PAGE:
Assistance Dogs Journey

Evening out

Tonight we went out to eat.

As my daughter took our tray, a few fries fell right on Journey’s paws. He turned his head. He drooled just a tiny bit, but he did not touch the fries.

And the entire McDonalds staff came out, greeted, asked to pet (I said yes since they were nice) and even though they were calling him by name from the counter, my good boy didn’t so much as shift position.

They offered him a plain burger and I thanked them and said he could take it to go but he couldn’t eat it in the restaurant.


Assistance Dogs Journey

A Request To Parents

Parents… please teach your children that it’s rude to inquire into people’s private medical history. Twice today I had children, right in front of their parents, interrogate both me and my daughter, regarding my medical issues. The first one, in the supermarket, actually asked me if the DO NOT TOUCH patches on J’s harness *really* mean they can’t touch him. No of course not, they are on there for gits and shiggles. Then the boy looked me straight in the eye and said ‘But you can see’. Yes, yes I can. Most of the time. ‘So what’s wrong with you then?’ By this point I am glaring at the mother who *finally* takes the hint and tells her kid to mind his business.

Then this afternoon as I’m crossing the plaza to go home from the hardware store, some children come rushing up. Journey is distracted so I had him sit to refocus. The kids read the patches, then ask if he bites. No, of course not. They reach out to pet him. I give J a hand signal to circle behind me out of reach. They continue, repeatedly, to chase after him, around me in a circle. Finally I said please don’t pet him, he’s working. ‘Doing what?’ they ask. I reply ‘trying to keep me upright, for starters’ and get J refocused and walk away. They then badger my daughter until she was in tears demanding to know why I have that dog and what, specifically, he does for me, because ‘he’s an assistance dog and he helps my mom with her medical problems’ was not enough.

Assistance Dogs Huzzah! Journey

A Fine Summer Day…

Today Journey had loads of fun, both working and off duty. Assistance dogs don’t only work helping their humans; they also get time off to enjoy being dogs.

This morning we had our last day of team class before summer break. We’ll miss our friends! After class, we headed back home and spotted several dogs taking a dip in the fountain on the road to the beach. Normally, this isn’t allowed but everyone was having so much fun, we decided to make a pit stop and join them. Journey’s packs came off and away he went!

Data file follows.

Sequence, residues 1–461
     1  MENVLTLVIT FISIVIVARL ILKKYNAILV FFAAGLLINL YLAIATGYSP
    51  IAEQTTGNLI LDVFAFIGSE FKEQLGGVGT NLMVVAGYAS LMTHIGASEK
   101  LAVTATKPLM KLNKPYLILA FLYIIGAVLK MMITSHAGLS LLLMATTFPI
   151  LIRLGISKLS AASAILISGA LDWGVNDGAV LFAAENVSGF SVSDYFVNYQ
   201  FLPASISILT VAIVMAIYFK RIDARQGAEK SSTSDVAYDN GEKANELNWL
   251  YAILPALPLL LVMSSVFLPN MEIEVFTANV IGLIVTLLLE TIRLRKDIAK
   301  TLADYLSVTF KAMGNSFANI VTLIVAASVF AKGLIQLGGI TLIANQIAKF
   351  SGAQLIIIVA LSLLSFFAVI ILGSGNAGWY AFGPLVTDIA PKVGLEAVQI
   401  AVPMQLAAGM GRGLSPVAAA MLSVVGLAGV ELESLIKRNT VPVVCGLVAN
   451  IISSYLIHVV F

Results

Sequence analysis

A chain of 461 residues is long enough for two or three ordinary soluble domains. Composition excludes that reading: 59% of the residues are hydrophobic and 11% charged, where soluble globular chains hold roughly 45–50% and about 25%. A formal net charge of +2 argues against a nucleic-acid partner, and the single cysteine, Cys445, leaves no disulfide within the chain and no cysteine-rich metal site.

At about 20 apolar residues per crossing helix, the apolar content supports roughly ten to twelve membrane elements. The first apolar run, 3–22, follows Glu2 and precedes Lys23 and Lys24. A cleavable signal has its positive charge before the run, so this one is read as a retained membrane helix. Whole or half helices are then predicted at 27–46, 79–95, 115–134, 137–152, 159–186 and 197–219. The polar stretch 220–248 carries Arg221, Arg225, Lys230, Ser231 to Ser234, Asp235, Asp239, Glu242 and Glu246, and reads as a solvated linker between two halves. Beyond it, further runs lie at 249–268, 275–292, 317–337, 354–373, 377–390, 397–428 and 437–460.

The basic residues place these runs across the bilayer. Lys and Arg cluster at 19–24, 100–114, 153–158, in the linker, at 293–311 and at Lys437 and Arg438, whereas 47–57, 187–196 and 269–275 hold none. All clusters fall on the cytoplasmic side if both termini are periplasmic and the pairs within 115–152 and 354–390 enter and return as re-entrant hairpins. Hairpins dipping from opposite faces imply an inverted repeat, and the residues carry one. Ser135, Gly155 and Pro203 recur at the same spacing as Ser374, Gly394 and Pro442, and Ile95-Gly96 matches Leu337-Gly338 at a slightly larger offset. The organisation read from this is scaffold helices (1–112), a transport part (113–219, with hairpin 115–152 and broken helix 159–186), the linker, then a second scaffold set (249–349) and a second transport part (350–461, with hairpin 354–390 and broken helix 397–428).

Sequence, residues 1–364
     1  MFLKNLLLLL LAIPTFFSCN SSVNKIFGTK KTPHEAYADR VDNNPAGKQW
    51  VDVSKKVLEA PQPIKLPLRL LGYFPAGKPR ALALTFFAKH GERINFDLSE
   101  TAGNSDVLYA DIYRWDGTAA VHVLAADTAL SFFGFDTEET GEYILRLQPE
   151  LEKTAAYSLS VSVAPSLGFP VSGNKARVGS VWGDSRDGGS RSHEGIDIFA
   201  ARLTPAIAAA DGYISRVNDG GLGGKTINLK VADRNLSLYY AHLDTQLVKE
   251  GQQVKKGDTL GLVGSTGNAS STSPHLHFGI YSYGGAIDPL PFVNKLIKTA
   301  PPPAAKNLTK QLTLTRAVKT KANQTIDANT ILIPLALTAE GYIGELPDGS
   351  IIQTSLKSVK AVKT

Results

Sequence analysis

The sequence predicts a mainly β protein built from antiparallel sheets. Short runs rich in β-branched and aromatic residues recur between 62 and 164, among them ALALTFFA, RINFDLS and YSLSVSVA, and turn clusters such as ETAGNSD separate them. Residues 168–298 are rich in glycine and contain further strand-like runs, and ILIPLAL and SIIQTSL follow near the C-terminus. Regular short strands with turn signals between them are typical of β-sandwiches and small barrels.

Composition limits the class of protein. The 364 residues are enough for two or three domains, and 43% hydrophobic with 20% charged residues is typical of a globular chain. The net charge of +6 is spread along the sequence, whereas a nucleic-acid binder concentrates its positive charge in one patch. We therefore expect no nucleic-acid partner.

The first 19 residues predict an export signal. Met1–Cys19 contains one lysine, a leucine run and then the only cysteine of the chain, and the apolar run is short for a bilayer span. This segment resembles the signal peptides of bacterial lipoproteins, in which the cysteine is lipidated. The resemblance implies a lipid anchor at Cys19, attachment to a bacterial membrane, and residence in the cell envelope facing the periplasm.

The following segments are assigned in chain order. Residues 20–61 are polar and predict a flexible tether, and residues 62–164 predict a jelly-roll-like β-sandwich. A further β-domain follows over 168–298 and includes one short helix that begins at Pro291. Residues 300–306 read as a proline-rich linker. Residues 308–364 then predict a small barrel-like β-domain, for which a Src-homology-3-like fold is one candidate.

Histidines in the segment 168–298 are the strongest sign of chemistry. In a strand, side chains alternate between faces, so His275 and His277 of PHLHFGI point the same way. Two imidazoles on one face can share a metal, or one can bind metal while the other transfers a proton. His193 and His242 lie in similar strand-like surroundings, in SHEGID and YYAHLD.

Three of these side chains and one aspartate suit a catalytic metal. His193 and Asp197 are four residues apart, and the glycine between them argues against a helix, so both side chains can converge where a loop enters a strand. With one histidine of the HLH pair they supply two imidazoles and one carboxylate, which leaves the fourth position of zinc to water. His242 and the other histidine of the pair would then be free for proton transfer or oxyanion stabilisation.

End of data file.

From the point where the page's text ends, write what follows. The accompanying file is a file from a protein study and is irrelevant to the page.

After some refreshing laps in the fountain, we decided to walk down to the park for a bit to dry off. Journey got some tummy rubs – his favorite!


And made some new friends. This is Dalí (like the painter) and Lola.


They all played for an hour or so while I chatted with their owners. For some reason, my social anxiety does not extend to dog people, at least not after a few minutes to find my bearings. We now have a standing Saturday play date!


Journey ran, jumped, and played while Dalí decided he was the fun police and would fuss at Journey every time he jumped!


12 came back with some treats and Journey thought they smelled yummy and begged for some.


Then sadly, our play date had to come to an end. We headed up the street to a lovely Italian restaurant, Da Bruno San Pedro, for lunch.


Almost immediately, we were swarmed with people. People asking about his breed, wanting to take pictures, wanting to pat him… most of the folks respected that he was working and didn’t pat him but we decided today to allow pictures, so there will probably be some floating around the internet! Journey enjoyed the attention, since usually it’s Karma everyone obsesses over.

They were awesome to us in the restaurant. They seated us where we wanted, and enough out of the sun for Journey, and even brought him a bowl of water!


Journey was fantastic – went under my chair and stayed there the entire meal, didn’t mind folks walking by, taking pics, politely ignored them when they stopped and looked, didn’t budge when the waiters came by with our meal, cleared our table, brought the check. And our nemesis is ‘under’ so this is a huge achievement and I’m really proud.

We felt less like a disabled handler and her canine assistant today – today, we felt like superstars.